Through the Eyes of Resentment

Resentment and Expectations

Resentment is often defined as a common emotion that results from wrongdoing or unfair treatment: injustice or humiliation. Long-term resentment can result in complex trauma.

Healing from trauma may involve understanding the underlying source(s) of resentment and processing it so that one no longer has to suffer indefinitely from rumination, repression of feelings, and/or negative self-talk.

Healing from trauma may also result in clearly seeing a person or situation as toxic and making a decision about and a plan for changing or escaping it.

According to 18th century Scottish philosopher Adam Smith, resentment and gratitude are the two most prominent moral sentiments. Gratitude is the emotion we experience when we receive what we deserve or more than what we think we deserve. Gratitude is a feeling of our expectations being met in a way that makes us happy and safe. Resentment on the other hand, is the opposite. Gratitude motivates us to reward others for good works, while resentment moves us to punish them for evil doing.

In our modern world, we have been told from numerous studies that gratitude is intricately related to mental wellness and happiness. Meanwhile, resentment is often associated with three less than pleasant secondary-level emotions: contempt (= anger + disgust), shock (= surprise + disgust), and outrage (= surprise + anger). Resentment is often associated with passive aggressiveness, frustration, and vengeance.

To me, resentment is simply a strong emotional reaction to having a gap between expectation of appropriate treatment and reality of undeserving treatment, coupled with an inability to resolve the situation or helplessness.

In other words, resentment is: “How I was treated is far worse than I deserve and I don’t want this to continue, but I don’t know how to stop this.”

Resentment and Anxiety

Anxiety is a very natural result from longer term resentment. That makes sense when you deconstruct resentment into 3 of the 6 basic human emotions as originally identified by Paul Ekman. Resentment is made up up anger, disgust, and surprise that combine together to bring forth contempt, shock, and outrage! That’s a lot of ongoing negative energy!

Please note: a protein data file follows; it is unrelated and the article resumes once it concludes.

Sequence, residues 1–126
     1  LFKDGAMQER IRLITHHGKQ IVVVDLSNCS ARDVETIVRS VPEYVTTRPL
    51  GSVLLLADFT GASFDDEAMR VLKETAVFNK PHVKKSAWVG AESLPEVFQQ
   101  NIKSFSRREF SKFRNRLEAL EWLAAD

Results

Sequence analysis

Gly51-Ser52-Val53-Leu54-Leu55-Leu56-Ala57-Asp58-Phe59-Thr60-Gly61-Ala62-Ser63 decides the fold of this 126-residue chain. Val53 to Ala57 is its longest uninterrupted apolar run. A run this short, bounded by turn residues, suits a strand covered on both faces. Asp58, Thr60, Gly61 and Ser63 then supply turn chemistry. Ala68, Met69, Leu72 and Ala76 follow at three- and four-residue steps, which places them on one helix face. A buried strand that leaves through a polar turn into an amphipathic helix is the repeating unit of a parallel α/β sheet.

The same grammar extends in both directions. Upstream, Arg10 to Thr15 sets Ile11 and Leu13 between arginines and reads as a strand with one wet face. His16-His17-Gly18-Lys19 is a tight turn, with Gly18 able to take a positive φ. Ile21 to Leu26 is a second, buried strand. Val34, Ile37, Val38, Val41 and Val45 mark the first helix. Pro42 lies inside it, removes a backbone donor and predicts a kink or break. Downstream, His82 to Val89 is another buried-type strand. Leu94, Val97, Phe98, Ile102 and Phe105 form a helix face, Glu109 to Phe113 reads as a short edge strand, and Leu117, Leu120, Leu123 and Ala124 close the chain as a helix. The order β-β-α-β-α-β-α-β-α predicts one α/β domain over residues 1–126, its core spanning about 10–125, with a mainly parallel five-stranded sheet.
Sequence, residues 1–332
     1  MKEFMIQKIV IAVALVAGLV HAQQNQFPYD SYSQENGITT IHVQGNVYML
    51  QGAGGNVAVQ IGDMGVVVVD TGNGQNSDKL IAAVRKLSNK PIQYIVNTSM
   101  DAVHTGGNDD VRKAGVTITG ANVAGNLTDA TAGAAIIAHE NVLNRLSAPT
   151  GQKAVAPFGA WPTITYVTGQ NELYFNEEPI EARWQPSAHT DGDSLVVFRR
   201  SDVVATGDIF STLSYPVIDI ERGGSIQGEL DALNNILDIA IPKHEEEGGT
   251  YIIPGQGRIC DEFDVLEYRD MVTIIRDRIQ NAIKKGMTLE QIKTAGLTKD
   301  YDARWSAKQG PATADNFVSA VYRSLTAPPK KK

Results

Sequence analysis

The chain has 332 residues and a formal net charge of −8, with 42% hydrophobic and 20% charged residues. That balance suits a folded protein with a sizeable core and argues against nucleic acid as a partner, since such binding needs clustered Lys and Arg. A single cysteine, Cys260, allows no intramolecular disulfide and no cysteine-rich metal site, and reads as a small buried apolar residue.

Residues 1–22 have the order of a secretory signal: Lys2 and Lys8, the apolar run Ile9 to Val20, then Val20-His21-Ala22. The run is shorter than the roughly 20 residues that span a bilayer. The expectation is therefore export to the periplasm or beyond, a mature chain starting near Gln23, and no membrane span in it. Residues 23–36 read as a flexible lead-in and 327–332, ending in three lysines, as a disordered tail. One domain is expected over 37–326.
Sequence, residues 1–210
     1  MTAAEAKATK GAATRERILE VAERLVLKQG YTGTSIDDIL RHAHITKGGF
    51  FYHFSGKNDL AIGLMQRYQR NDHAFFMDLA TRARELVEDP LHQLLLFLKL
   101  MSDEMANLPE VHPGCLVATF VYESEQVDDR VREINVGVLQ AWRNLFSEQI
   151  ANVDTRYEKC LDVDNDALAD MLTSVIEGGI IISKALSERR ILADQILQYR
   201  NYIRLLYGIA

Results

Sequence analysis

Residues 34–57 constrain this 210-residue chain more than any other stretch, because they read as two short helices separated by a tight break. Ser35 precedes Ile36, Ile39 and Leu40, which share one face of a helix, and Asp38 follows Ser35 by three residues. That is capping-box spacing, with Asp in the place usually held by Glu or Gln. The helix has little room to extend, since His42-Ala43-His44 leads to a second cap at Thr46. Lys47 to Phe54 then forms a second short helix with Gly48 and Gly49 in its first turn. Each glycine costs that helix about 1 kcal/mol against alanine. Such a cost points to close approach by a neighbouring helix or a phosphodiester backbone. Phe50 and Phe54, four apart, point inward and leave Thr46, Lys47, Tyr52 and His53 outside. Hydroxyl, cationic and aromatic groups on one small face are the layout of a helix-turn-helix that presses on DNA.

Chronic anger has been linked to health issues such as high blood pressure, heart problems, headaches, skin disorders, and digestive problems. Anger has also been linked to crime, emotional and physical abuse, and other violent behavior. Anger motivates us to do something, to fight the person or escape the situation.


Disgust arises when something is deemed to be offensive, poisonous or contaminating. It could be triggered by something we perceive with our senses (sight, smell, touch, sound, taste), by the behaviour of people, by our own thoughts, or even by concepts. Disgust is actually designed to keep us safe by motivating us to avoid what is hurtful or toxic.


Surprise, whether it is positive or negative, means that whatever is happening is completely unexpected, perhaps even illogical or unbelievable. Surprise means that reality is different from our expectation. Chronic surprise will eventually cause us to second-guess our judgment, competency, and ability to plan. Chronic surprise means that either we are constantly wrong about people, or there is something really wrong with them!

Mind the Gap

Resentment implies that I know how I should be treated and that I believe the person (or people) who are behaving this way know that they should stop. There’s a GAP. When we are mentally healthy and in healthy relationships, the natural, logical response would clearly declare our expectations, express that there is a crossing of boundaries, and request that they cease inappropriate behavioiur. We MIND the gap and figure it out.